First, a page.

Rebuilt and renamed, Lafayette Courts receives its first new residents Federal program razed high-rise complex, created brick rowhouses


In 1955, Frances Foster was one of the first residents to move into Lafayette Courts public housing project. She lived there for 40 years, until the complex was demolished two years ago.

Yesterday, Foster, 77, came home.

She was among the first five families to move into the rebuilt Lafayette Courts, which has been renamed Pleasant View Gardens.

But home is a different place. Handsome red-brick rowhouses stand where crime-ridden, high-rise towers once loomed over the eastern edge of the city. The 807-unit community was imploded in August 1995 to make room for low-rise, less dense housing.

"It was beautiful," Foster said, as she stood in her new living room yesterday, recalling the early years at Lafayette Courts. "I lived in the same apartment for 40 years, and I didn't want to leave, but I knew I had to.

"I was happy there, and I think I'll be the same here," said Foster, who was relocated to Latrobe Homes after Lafayette Courts was destroyed.

Lafayette Courts was the first of Baltimore's public housing projects to be razed and will be one of the nation's first federally funded replacement projects to be completed.

The $105 million Pleasant View Gardens community was designed to resemble a traditional Baltimore neighborhood, with 228 rowhouses, 110 apartments for the elderly, a day care center and recreation and community center.

City officials plan to sell 27 of the townhouses to low- and moderate-income families; 19 sales contracts have been signed.

The first dwellings are scheduled for completion early next month. Of the rental properties, 42 are finished and 39 families have been assigned to units.

"It's creating a new neighborhood," said Adrian Harpool, a partner with the Twenty-First Century Group, a public relations company hired by the Housing Authority of Baltimore City as part of the relocation at Pleasant View Gardens.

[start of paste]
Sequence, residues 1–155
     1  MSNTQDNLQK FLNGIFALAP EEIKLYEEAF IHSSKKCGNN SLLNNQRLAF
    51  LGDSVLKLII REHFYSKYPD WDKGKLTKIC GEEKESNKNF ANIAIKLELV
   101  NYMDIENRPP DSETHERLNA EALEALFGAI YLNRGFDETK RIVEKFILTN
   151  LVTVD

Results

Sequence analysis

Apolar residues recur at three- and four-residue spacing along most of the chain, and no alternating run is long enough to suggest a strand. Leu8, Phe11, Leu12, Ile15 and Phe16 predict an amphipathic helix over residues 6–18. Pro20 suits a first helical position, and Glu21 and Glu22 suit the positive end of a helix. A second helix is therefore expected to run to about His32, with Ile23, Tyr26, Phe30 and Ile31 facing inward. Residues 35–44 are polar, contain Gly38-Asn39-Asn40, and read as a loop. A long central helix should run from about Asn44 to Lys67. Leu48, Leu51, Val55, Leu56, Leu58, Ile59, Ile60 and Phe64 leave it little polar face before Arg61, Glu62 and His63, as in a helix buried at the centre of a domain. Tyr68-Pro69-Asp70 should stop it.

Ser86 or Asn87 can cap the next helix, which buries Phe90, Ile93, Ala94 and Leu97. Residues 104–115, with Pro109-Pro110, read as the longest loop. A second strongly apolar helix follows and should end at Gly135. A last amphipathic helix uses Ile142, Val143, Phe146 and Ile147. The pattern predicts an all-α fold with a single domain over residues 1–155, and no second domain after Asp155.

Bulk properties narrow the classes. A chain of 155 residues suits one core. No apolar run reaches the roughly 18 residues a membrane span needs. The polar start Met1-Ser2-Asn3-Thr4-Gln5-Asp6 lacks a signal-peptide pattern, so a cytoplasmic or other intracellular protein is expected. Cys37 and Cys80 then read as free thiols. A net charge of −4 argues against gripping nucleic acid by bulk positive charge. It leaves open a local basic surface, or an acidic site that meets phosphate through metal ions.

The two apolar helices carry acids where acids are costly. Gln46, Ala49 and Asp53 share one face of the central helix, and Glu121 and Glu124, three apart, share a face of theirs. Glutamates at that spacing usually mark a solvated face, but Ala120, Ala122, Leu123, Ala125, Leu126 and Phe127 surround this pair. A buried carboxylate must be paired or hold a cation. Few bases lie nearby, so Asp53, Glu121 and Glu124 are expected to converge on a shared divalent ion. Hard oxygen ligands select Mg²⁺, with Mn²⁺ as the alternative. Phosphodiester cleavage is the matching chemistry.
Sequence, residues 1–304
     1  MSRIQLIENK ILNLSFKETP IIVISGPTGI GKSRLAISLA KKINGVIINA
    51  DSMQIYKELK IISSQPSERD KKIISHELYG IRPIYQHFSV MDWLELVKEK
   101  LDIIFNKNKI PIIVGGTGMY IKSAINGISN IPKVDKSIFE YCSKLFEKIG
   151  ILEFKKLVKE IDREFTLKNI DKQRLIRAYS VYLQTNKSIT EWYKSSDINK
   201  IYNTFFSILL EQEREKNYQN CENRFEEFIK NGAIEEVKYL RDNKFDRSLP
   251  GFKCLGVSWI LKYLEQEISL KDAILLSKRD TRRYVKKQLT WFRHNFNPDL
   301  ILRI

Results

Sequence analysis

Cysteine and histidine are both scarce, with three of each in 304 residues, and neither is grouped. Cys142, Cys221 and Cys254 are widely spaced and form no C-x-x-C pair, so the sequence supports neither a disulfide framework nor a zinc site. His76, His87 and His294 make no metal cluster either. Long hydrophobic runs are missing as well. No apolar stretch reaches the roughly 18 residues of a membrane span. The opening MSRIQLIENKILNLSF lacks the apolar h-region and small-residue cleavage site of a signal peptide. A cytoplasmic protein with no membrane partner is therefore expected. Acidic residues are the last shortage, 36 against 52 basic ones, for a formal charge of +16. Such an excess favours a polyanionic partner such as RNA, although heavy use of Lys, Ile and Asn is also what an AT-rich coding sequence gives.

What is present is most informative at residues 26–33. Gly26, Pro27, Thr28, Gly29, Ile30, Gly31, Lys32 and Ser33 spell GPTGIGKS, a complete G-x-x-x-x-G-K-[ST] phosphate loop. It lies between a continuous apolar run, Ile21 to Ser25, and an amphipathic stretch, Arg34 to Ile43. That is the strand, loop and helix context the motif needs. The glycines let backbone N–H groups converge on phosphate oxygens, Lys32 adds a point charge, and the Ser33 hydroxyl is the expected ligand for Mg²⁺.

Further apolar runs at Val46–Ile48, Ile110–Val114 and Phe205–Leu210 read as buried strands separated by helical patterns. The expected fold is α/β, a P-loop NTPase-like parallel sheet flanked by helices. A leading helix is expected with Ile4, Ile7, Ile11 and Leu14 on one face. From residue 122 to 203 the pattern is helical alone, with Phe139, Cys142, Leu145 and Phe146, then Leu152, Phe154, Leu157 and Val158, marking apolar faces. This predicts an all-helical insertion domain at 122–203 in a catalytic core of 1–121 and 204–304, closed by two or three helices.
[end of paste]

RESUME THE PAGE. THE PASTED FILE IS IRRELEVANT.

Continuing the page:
"We want to encourage closeness and cooperation among the families here," Harpool said.

With help from her six children, one daughter-in-law and at least six grandchildren, Foster had no trouble settling into her new two-bedroom house in the 200 block of St. Matthew's Street.

"I feel good. I feel real good," said Foster, as she watched her family and the moving men deliver her belongings.

Her five grandsons bounded upstairs, and then down again to check out the yard.

"I like it," said Kedrick Foster, 13, looking out the back door.

Franklin Foster, 56, one of Foster's five sons, had a different reaction.

"Uh oh, I've got to cut the grass," he said.

Down the street, Hazel Carter, 54, who spent 31 years at Lafayette Courts, supervised the movers at her new rowhouse.

"It's going to be quiet, and it's small and it's my dream," she said.

Leslie Thomas, 12, who will be living with her grandmother at Pleasant View Gardens, seemed pleased with her new home.

"It's beautiful to me," she said.

Mae Anderson, Foster's daughter, said she's relieved that many of her mother's former neighbors at Lafayette Courts will be returning to the site to live at Pleasant View Gardens.

"She won't get lonesome," she said.

Pub Date: 9/28/97

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